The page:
Week of July 7, 2014
To help you keep up with what’s going on with kids, families, schools, and technology, we’ve compiled a list of stories, tips, and insights, we’ve found most useful over the past week.
AMAZON SUED FOR KINDLE APPS FUMBLE It is truly stunning that after a heavily publicized case against Apple, and a subsequent one against Google, the US Federal Trade Commission is taking Amazon to task for the same mistakes. They allege that through specific apps on Amazon’s mobile devices like the Kindle and Kindle Fire, kids are able to rack-up lots of charges against a parents’ credit card associated with the Amazon account for that device without parent knowledge.
But similar to iOS devices and Android devices, parents can already turn off in-app purchasing fairly easily to prevent this from happening in the first place. So, I wonder what more could a company could do to prevent kids from doing this in the future? The settings are there, the information is available (see Amazon’s link here: http://www.amazon.com/gp/help/customer/display.html?nodeId=201347810), and parents should be concerned and reading about these features before handing their kids any device, right?
99-DAY FACEBOOK CLEANSE: The Dutch company Just B.V. is encouraging people to stop using Facebook for 99 days and seeing how people feel during and after the break. According to Just, it’s not a boycott of Facebook but a role reversal on Facebook’s own surreptitious mood experiment of worldwide users that has since outraged people and governments. You can join more than 6,000 people who have signed up since this past Tuesday at http://99daysoffreedom.com/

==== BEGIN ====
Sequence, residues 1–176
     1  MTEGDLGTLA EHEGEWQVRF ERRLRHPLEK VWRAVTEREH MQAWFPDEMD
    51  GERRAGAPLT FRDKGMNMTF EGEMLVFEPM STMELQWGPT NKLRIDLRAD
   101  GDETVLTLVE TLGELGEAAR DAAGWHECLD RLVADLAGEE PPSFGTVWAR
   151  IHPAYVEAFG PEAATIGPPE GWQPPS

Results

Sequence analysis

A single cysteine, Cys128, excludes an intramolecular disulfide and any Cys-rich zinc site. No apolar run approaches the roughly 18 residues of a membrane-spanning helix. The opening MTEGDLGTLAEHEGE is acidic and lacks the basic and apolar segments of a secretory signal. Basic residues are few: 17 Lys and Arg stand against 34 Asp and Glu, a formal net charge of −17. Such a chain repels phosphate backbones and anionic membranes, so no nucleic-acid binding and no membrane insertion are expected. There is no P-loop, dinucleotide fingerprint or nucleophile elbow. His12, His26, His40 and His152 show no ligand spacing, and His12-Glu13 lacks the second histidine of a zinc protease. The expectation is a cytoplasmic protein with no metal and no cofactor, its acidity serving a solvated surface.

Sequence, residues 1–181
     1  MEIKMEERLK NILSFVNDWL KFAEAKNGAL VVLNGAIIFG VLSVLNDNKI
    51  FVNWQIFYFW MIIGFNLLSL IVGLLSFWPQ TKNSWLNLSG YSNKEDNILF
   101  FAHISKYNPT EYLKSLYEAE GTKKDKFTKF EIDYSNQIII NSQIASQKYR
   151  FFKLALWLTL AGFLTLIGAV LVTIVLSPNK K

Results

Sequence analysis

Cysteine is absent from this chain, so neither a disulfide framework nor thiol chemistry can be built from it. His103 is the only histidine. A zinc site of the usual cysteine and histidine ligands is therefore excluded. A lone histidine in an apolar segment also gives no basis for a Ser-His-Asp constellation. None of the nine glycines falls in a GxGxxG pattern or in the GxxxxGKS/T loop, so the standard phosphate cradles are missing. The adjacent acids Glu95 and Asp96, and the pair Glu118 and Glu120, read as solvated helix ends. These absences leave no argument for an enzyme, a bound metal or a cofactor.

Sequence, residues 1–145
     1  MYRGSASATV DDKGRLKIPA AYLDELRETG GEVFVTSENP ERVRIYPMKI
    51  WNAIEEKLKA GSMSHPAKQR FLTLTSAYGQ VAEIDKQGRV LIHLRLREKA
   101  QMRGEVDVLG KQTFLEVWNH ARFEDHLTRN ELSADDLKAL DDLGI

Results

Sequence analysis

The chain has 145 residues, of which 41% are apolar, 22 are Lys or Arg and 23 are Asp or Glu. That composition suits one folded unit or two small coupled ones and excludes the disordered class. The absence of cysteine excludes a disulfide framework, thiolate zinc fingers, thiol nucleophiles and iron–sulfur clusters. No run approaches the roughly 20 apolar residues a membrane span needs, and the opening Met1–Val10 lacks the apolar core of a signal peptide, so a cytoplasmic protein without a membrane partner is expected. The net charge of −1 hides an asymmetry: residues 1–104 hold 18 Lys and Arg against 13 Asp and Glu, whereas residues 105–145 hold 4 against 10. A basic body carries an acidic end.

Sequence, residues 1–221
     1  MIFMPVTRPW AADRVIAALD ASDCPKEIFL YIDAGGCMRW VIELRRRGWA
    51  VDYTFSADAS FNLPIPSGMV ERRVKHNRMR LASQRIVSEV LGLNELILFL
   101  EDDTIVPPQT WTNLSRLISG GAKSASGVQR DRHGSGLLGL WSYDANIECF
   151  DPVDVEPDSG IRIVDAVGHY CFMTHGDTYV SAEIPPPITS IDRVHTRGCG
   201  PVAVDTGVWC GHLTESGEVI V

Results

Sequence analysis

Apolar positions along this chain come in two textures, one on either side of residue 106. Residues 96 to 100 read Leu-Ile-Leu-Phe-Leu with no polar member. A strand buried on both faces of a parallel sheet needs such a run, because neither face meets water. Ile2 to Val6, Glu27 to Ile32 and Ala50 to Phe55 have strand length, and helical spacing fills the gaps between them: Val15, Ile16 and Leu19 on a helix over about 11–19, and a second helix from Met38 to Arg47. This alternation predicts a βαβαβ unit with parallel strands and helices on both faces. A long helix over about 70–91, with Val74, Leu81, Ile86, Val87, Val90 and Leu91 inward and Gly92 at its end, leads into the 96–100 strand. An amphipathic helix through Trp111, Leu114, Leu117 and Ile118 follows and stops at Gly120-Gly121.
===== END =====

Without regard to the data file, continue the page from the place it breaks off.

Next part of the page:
Looking forward to the results of this very interesting initiative.
THE RICH KIDS OF SNAPCHAT: The “Rich Kids of Instagram” are back and now on Snapchat. The new social media trend involves kids of wealthy families sharing photos of their luxurious, and sometimes scandalous, lives via Snapchat, a social media platform which claims to make images disappear after they’re viewed. Hard to tell if these are really being posted by private school kids, but the surfacing of these images are a reminder that it’s best to assume anything shared online is public and permanent.
STUDENTS DREAM-UP BIKE-POWERED PHONE CHARGER: And ending on a positive note, this is a great example of how young people are using their creativity towards inventing technology for the greater good. Students at Dana-Hall School in Wellelsey, MA were invited into the Dragon’s Lair, similar to the t.v. show Shark Tank, to present their business ideas to a group of consultants who question and assess their plans. The winning idea? A phone charger that is attached to and powered by peddling a bike. Good luck to the winning group in making their idea a reality!
Lynette Owens is the Founder and Global Director of Trend Micro’s Internet Safety for Kids and Families program. With 20+ years in the tech industry, Lynette speaks and blogs regularly on how to help kids become great digital citizens. She works with communities and 1:1 school districts across the U.S. and around the world to support online safety, digital and media literacy and digital citizenship education. She is a board member of the National Association for Media Literacy Education, an advisory committee member of the Digital Wellness Lab, and serves on the advisory boards of INHOPE and U.S. Safer Internet Day.
Follow her on Twitter @lynettetowens